“In fact, Gorbachev’s proposals had nothing in common with the democracy of Lenin nor of genuine socialism. The bureaucracy feared the working class. The legal and illegal perks, bribery and theft had to be curtailed. Nevertheless, in doing so, Gorbachev did not want to interfere fundamentally with the privileges of the bureaucratic caste. The ‘legitimate’ privileges had to be maintained, if not increased.” (Russia: From Revolution to Counter-Revolution)
These reforms had a partial effect for a period, but they could not fundamentally resolve the crisis that existed in the Soviet Union. This is because the bureaucracy was the cause of the crisis. And as Ted Grant put it, “The bureaucracy will do anything for the working class except get off their backs.” Gorbachev’s aim was not to remove the bureaucracy, but to reinforce its rule ever-more securely by taming its worst excesses.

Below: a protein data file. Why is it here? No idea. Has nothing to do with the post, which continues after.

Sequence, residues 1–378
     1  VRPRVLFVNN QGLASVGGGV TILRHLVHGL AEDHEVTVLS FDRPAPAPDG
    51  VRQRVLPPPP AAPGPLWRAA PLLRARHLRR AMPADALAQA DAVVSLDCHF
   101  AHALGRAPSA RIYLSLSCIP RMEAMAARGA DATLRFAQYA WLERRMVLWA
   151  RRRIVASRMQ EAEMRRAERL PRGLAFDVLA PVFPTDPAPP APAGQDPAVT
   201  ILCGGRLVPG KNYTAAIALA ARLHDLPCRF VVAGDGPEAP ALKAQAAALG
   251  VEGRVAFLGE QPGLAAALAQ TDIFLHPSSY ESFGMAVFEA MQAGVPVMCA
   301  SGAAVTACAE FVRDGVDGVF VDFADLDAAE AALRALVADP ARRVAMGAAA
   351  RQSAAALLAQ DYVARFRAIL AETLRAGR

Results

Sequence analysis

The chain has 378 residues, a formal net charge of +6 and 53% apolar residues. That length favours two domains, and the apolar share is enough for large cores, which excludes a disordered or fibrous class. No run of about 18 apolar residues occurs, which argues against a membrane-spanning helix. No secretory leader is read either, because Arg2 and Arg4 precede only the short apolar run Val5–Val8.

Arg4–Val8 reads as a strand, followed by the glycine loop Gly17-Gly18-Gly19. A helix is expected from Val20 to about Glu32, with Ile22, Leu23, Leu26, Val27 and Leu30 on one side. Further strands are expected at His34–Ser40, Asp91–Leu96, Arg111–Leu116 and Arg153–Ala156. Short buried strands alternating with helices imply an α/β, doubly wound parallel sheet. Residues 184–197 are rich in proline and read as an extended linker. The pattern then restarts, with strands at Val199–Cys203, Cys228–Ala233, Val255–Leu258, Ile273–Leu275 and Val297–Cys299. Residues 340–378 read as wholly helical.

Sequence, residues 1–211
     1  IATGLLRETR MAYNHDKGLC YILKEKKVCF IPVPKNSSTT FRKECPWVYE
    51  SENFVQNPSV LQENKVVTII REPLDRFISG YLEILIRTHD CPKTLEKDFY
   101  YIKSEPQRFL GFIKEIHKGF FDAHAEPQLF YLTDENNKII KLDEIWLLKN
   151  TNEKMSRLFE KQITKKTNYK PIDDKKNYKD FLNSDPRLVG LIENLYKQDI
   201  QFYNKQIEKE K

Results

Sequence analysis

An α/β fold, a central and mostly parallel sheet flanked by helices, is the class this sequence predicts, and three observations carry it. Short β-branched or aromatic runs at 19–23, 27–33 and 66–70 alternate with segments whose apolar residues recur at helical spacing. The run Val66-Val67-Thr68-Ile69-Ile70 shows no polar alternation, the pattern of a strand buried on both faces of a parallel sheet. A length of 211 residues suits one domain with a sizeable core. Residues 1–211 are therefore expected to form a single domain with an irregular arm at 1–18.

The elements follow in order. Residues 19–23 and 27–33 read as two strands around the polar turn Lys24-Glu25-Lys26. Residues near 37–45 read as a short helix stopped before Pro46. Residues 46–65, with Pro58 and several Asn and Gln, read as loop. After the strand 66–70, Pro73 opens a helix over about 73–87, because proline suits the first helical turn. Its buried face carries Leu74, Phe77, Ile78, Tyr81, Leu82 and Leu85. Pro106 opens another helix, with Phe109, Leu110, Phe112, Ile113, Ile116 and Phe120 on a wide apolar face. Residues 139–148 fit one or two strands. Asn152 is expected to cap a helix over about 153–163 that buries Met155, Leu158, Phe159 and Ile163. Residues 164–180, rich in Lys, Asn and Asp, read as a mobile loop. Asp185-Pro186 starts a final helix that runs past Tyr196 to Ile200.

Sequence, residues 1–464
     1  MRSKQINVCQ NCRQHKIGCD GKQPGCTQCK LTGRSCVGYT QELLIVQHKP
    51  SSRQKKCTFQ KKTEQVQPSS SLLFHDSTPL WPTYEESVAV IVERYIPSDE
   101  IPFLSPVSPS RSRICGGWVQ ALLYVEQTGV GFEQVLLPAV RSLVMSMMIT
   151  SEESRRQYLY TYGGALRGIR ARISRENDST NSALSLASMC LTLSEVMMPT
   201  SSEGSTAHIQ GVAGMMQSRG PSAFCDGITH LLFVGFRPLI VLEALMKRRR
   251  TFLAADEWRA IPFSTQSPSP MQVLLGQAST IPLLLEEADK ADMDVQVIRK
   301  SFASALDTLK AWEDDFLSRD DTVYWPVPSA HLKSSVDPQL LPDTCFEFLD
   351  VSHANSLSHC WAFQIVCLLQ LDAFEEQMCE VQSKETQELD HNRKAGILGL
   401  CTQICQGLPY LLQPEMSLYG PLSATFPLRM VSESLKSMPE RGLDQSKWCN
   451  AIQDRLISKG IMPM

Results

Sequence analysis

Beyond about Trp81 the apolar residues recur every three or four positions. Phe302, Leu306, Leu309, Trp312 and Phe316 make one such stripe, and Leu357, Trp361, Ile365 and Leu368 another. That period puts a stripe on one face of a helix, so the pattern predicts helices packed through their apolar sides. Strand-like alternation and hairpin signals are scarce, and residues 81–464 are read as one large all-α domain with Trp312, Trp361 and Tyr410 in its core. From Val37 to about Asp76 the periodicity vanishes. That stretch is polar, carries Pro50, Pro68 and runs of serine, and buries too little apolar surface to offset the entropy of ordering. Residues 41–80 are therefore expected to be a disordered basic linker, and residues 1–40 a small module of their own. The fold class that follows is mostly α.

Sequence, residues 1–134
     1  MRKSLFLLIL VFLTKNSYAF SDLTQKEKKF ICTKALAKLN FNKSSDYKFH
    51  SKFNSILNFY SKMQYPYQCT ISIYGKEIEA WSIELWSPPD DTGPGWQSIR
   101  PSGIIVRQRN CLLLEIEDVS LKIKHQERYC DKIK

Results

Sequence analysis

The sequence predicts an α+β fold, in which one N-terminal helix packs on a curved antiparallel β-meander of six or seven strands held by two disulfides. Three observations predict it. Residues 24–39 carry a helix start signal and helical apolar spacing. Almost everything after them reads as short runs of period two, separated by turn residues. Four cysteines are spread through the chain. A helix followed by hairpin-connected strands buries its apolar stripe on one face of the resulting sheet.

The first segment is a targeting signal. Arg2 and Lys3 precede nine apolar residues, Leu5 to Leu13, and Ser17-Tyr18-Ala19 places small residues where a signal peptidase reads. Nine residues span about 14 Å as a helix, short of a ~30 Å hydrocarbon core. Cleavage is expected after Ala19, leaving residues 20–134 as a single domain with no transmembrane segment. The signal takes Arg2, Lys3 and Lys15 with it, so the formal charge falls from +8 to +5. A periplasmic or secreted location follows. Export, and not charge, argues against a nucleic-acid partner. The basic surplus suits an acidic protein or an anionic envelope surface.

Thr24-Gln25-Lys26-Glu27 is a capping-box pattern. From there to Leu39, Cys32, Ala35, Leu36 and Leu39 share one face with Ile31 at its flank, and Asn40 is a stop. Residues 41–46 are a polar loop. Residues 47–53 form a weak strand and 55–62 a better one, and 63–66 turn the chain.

When reform failed, some sought to more openly ape the capitalist West. Gorbachev, with the sentimental mentality of a petty bourgeois, completely failed to understand the first thing about where events were heading. As Ted Grant explained:
“Faced with the blind alley of the regime, a growing section of the bureaucracy looked for a way out to the West, which was still passing through a temporary and artificial boom. The representatives of the bureaucratic elite had occasion to rub shoulders with millionaires, diplomats and presidents on their ever more frequent visits to the West. They contrasted this glittering spectacle with the picture of impasse and stagnation they had left behind, and the comparison did not appear very flattering. In this way, gradually the idea of the West as a model began to take firm root in a section of the bureaucracy.